• When we are successfully able to generate enough revenue, we should be able to cover our costs and make enough profit to use that to create space to do work that isn’t paid (like writing, podcasts, research, free apps).
  • When we are successfully able to build a community, we should see the number of members of The Liberators Network grow over time. More importantly, if we do a good job, more and more of these people should engage with us and each other.

Our dashboard

With a set of indicators in mind, we set up a dashboard in Cyfe and built a service that connects with the platforms we use. At The Liberators, we rely on over 25 platforms to deliver value to our customers and community. For example, we have Buzzsprout for our podcasts, Medium for our blog posts, Shopify for our webshop, and YouTube for videos. These are the obvious ones. Behind the scenes, we use Exact for accounting, Harvest for invoicing, for link-shortening, AppVeyor for deploying our codebase and Fotojet for creating collages. And there’s also use Patreon and Paypal for donations, EventBrite for our events, Trello for coordinating our work and several more.

We collect metrics every hour. They are aggregated once a day. Below is a snapshot of the dashboard at the time of writing:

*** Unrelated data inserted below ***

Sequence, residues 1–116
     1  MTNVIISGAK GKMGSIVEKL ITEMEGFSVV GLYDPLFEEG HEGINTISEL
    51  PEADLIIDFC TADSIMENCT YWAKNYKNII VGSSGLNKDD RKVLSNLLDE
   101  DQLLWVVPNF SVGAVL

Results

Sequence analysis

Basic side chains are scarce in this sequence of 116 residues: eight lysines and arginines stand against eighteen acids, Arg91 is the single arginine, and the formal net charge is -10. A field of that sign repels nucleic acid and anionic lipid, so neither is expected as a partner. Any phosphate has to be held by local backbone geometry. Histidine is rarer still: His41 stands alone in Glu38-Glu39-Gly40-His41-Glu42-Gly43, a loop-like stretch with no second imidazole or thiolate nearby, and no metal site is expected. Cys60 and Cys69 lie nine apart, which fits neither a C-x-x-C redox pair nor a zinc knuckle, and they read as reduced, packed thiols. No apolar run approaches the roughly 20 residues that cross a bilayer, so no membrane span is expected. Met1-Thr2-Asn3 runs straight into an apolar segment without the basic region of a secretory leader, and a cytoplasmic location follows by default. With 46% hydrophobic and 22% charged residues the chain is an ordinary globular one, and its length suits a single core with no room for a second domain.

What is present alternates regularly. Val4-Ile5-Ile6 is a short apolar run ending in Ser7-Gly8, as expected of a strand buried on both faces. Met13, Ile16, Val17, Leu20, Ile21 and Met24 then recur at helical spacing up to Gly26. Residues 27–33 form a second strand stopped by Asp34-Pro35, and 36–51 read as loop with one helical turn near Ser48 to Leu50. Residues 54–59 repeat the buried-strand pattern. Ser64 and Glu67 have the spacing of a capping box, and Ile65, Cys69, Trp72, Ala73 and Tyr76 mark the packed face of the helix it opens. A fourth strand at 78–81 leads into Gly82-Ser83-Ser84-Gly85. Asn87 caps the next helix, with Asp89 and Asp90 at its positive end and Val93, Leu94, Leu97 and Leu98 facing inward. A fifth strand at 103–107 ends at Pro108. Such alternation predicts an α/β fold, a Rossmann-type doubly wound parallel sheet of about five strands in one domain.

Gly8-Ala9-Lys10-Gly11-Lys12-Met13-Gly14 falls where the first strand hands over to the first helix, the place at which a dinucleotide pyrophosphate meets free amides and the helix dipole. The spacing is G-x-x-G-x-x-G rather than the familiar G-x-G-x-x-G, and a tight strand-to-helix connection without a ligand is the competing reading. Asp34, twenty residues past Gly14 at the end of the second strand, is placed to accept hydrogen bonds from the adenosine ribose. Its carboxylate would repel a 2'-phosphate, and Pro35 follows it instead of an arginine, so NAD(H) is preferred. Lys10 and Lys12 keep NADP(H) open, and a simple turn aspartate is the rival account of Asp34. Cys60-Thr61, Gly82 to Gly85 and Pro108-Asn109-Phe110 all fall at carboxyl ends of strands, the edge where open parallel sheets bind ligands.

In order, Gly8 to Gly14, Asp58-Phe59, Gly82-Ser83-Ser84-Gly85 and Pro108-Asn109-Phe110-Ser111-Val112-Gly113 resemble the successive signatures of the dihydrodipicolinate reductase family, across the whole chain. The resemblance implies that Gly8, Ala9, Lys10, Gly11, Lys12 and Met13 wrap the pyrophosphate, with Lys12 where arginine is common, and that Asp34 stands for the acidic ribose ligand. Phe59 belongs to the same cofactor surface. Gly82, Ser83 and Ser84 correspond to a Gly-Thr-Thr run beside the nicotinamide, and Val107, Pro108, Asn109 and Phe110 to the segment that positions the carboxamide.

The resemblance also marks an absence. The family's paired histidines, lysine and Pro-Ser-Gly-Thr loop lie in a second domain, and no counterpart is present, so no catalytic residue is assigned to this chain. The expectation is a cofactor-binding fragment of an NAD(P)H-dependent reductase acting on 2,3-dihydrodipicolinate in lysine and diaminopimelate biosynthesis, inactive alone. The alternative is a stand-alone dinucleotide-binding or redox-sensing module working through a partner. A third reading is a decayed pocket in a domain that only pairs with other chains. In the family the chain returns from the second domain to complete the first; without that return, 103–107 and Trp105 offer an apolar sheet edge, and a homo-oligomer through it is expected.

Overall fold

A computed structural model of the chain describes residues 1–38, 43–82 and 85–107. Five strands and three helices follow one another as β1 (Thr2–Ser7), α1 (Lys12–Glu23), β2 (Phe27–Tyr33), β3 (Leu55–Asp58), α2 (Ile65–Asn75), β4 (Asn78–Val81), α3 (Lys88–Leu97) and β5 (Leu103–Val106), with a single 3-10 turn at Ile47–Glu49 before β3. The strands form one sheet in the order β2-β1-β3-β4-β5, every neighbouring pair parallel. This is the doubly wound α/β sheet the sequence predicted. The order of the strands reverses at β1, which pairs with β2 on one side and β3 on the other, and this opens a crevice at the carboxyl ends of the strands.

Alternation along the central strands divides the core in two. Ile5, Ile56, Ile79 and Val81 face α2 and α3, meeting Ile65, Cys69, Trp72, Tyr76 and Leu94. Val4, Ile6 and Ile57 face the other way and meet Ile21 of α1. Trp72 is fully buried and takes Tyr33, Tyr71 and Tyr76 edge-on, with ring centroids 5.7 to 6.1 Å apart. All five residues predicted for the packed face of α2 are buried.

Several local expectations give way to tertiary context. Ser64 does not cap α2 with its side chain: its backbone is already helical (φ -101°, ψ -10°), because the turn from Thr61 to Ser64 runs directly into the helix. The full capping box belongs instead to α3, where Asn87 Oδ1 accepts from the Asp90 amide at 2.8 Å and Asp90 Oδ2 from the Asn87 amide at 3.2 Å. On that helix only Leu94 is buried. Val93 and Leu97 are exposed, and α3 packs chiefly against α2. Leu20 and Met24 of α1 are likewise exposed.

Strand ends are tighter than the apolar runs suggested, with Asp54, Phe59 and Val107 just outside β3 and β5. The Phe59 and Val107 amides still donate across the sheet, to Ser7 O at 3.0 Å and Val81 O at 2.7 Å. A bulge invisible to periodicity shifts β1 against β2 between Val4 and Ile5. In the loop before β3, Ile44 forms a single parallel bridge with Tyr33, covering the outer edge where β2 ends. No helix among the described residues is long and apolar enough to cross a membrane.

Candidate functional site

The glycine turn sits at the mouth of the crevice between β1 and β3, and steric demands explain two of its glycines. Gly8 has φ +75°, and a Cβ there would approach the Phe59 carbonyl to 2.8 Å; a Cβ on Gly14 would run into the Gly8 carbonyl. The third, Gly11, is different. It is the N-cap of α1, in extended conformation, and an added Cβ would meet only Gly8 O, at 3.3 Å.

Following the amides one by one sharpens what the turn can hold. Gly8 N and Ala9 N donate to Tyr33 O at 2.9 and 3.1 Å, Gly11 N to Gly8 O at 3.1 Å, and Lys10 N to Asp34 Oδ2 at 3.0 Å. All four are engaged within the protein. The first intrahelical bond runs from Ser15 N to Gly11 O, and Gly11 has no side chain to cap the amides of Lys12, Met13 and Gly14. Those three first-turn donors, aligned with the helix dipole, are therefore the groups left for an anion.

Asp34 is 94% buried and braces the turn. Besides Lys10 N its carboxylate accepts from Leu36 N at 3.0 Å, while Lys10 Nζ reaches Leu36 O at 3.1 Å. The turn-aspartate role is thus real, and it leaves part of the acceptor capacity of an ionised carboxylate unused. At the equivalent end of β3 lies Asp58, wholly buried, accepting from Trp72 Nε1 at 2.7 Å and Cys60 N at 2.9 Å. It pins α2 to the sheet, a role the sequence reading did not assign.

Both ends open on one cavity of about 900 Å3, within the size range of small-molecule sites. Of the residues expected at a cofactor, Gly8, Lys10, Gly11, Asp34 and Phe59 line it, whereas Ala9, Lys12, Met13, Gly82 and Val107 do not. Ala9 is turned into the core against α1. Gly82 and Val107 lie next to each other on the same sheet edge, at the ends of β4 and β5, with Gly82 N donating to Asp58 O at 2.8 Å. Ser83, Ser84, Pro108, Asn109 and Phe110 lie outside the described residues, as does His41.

A snapshot of our current dashboard. We’ve blurred out personal information.

As you can see, each widget captures one element of how we defined success. We grouped the widgets into activities (how busy we are), output (how much content we generate), outcomes (how valuable that content is), and impact. There are also some critical indicators of class quality and taxes that we need to pay. Let’s explore two widgets in more detail.

Metric: How much space we have

One of our most important widgets is the one that tells us how much space is created by our revenue and profit. The “space” is represented by the yellow bar. The higher it is, the more time we can spend on unpaid work.

Note the axis; it dips to -50K. If things proceed as they are now, we drop below zero before the end of the year.

During the Corona-crisis, this bar took on another meaning. Because we had to cancel all our paid in-person events, we effectively saw most of our revenue evaporate, save for some modest streams from donations, a few virtual events, and our webshop. At the moment, we’re surviving mostly on our buffers. If we are unable to generate additional revenue, we’ll likely run out by November. Even though that is scary, the good news is that the information from this widget allows us to breathe, consider our options and, and prevent chaotic shifts in order to make some money.

It's also the reason why we’ve more actively started asking for people to support us through a time where our primary source of paid work (in-person workshops and classes) are gone.

The Corona crisis obliterated our profit-loss balance. Currently, we have little income — only costs.

Metric: Are people increasing their engagement with us?

When our work and content is helpful and valuable, we expect people to engage more with it over time. So if someone likes our blog posts on Medium, we hope they’ll join one of our meetups, participate in a class and/or support us on Patreon. Although you could simply measure “engagement” by counting the members on our Meetup, or the followers on Medium, this alone is a very indirect measure. So we started looking into ways to capture engagement within and across platforms.